Woods production images

Into the Woods

  • June 4 - October 11, 2014
  • Music & lyrics by Stephen Sondheim | Book by James Lapine | Originally directed on Broadway by James Lapine
  • Orchestrations by Jonathan Tunick | Directed by Amanda Dehnert
Run Time:Two hours and 55 minutes, including one intermission.

Be careful what you wish for

How far would you go to make your wish come true? Cinderella, Little Red Riding Hood, Jack (of beanstalk fame), and a baker and his wife find out when they take a journey into the woods. It’s a magical, bewildering place full of witches, wolves, giants and mysterious strangers, where familiar fairy tales get tangled up together. Wishes come true here, but at a price. Even storybook characters must face the music—of which there is plenty—in Sondheim and Lapine’s irreverent Tony Award–winner.

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The Story

A group of familiar fairy-tale characters enter unfamiliar territory when their stories intersect in a dark forest over the course of three nights.

The fate of these disparate—and discontented—people was determined a generation earlier when a young baker tried to quell the cravings of his pregnant wife by sneaking into the garden of a neighboring witch and stealing her green vegetables. As punishment, the witch kidnapped their newborn baby girl, named her Rapunzel, and locked her away in a tower. To prevent further thievery, the Witch placed a curse on the baker’s only son, ensuring that his family tree would be barren.

The action of the play begins when the Witch returns to tell the son, now grown and a baker himself, that he can undo the spell and conceive a child with his wife if he retrieves the following items by the stroke of midnight three days hence:

One: the cow as white as milk
Two: the cape as red as blood
Three: the hair as yellow as corn
Four: the slipper as pure as gold

The baker ventures into the woods with the unwanted assistance of his resourceful Wife, armed only the beans he believes his father may have stolen from the Witch’s garden. Eventually, the couple fulfill their quest by duping a lad out of his cow in exchange for their “magic” beans, struggling to get a cape off a girl trying to bring a basket of goodies to her grandmother, cutting off the long hair of a girl locked in a tower and stealing the shoe off the foot of a maiden fleeing a prince after a ball. The expected fairy-tale endings of Jack and the Beanstalk, Little Red Riding Hood, Rapunzel and Cinderella occur with everyone, including the Baker and his Wife, living happily ever after.

But that’s not the end of this story. In the second act, the consequences of the characters’ actions play out, most crucially the vengeance of a widowed giantess determined to find the larcenous lad who climbed a beanstalk, then chopped it down, killing her husband. However, with the convoluted machinations that led to that calamity, no one is free of blame. And no one but the Witch wants to sacrifice the simple-minded Jack. Together they must figure out how to restore peace to the land—without magic.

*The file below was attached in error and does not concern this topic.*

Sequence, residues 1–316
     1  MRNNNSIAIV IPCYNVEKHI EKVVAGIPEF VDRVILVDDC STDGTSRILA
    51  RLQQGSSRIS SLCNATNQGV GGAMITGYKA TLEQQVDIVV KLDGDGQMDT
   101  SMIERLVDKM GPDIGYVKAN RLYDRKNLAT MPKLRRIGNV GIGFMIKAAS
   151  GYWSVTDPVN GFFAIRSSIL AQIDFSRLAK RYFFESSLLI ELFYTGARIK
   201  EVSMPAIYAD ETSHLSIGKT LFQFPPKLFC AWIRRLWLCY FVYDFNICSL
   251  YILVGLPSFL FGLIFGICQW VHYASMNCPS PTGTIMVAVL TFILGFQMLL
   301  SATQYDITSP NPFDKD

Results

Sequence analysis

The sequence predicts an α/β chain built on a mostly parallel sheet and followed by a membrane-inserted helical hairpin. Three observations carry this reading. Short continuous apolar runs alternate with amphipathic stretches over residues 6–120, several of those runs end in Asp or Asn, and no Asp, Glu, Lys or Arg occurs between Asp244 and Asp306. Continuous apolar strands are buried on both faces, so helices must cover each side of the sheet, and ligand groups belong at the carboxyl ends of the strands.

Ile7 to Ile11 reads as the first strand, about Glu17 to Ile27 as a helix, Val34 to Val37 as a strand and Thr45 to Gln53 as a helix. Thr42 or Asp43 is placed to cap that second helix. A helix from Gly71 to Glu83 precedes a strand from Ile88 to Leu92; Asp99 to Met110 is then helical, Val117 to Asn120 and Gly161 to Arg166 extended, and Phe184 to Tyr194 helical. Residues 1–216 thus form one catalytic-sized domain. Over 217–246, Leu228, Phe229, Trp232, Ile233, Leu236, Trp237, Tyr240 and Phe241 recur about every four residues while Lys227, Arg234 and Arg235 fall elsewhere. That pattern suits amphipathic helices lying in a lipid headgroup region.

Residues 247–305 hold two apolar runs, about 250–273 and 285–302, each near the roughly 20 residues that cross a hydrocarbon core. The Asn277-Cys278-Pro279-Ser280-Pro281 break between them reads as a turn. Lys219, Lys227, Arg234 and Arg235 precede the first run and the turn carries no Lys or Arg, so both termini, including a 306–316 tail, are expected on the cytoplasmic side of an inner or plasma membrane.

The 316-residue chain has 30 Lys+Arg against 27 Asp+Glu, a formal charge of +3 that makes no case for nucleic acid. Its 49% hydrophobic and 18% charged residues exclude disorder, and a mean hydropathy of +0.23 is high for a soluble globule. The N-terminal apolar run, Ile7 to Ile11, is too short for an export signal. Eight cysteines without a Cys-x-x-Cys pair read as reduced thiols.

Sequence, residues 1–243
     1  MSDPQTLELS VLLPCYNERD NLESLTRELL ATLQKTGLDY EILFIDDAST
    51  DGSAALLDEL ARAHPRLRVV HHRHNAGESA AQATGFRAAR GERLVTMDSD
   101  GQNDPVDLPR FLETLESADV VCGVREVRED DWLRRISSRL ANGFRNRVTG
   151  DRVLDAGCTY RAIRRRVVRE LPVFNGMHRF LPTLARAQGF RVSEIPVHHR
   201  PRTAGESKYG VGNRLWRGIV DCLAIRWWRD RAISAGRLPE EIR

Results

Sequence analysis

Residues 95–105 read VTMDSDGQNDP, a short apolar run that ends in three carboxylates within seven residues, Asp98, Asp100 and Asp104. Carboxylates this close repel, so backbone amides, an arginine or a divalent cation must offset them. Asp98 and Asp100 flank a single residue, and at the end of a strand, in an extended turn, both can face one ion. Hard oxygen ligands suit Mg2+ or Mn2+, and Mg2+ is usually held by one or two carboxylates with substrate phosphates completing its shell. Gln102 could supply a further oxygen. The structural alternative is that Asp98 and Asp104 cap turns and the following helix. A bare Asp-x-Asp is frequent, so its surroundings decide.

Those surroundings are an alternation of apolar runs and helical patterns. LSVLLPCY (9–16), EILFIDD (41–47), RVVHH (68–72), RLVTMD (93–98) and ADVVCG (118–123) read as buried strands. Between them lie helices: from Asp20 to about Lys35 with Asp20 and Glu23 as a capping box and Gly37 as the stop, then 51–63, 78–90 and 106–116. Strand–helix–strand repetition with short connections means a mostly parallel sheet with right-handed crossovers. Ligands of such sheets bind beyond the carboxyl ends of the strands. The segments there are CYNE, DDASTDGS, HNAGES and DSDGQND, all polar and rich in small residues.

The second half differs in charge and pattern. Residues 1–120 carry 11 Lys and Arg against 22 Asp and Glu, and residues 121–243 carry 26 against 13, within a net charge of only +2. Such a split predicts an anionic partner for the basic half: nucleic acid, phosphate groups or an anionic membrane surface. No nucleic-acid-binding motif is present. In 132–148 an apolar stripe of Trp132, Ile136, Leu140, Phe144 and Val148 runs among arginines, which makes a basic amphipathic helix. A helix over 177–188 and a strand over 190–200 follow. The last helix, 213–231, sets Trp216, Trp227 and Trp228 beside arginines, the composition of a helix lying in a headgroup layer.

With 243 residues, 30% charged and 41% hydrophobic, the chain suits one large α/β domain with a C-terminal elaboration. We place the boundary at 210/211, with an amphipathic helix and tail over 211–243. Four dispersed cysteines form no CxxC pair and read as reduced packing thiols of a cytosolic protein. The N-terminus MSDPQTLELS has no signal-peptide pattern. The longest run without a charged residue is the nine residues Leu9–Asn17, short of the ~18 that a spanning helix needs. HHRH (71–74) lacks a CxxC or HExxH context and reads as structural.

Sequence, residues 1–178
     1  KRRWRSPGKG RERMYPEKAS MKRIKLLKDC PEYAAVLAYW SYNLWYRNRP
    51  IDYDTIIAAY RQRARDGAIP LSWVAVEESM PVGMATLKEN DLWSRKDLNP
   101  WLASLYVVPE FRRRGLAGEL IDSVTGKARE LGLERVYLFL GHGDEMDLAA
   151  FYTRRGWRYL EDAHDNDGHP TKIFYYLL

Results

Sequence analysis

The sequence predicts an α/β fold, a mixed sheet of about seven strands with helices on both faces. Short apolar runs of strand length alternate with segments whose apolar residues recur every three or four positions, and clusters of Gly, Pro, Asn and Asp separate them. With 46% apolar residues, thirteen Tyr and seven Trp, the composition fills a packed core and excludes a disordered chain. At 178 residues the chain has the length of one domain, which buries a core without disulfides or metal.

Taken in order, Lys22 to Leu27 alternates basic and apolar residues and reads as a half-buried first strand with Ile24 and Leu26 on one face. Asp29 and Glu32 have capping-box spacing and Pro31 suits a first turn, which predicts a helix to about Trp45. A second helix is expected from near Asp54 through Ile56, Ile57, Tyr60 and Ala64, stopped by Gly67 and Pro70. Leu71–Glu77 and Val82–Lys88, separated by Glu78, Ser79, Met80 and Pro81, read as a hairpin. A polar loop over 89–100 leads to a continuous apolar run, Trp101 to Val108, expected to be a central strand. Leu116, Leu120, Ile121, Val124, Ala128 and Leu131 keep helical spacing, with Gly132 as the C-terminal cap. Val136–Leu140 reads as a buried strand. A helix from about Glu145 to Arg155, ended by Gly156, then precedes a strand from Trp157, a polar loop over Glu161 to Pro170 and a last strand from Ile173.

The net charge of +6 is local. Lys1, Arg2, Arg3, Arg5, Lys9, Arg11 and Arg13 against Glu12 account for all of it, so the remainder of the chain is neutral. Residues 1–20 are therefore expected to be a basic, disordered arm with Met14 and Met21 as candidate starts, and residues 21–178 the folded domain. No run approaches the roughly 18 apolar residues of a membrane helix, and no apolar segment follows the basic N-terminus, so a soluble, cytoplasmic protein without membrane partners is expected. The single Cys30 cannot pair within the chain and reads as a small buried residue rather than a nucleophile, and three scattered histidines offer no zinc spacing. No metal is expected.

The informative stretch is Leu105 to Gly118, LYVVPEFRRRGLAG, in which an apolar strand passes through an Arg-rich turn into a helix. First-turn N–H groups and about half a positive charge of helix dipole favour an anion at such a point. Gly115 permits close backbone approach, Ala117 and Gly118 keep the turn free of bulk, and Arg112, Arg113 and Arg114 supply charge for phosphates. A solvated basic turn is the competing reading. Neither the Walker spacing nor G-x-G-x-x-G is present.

The Dark Woods

The literary symbolism of the forest is as richly textured as a forest itself, dating back at least 4,000 years to the ancient Mesopotamian poem of Gilgamesh. In that epic tale, Gilgamesh the warrior enlists the aid of the sun god to defeat the demon guard of the forest. Thus the woods—a dark, sunless place populated by wild animals, thieves and rogues—came to be associated with the demonic, while the life-generating sun represented the divine.

Imagery contrasting light and dark abounds in Sondheim’s lyrics throughout Into the Woods. “The way is clear / The light is good,” sing the characters in the first act before they head into the forest. But in the second act, a year older and wiser, they sing, “The way is dark / The light is dim.”

The symbolism goes beyond the sinister. “The forest is the place where vegetable life thrives and luxuriates, free from any control or cultivation,” wrote mythologist J. E. Cirlot. This sense of abandon is reflected in Shakespeare’s A Midsummer Night’s Dream and As You Like It, where characters lose their inhibitions and express their true selves once they’re separated from civilization under the canopy of trees. Midsummer follows the tradition of the woods as a place of enchantment, while in As You Like It, the Forest of Arden provides the freedom to “fleet the time carelessly.”

With the advent of psychology, the forest came to be associated with the subconscious mind, giving rise to the modern interpretation of fairy tales by both Freudians and Jungians.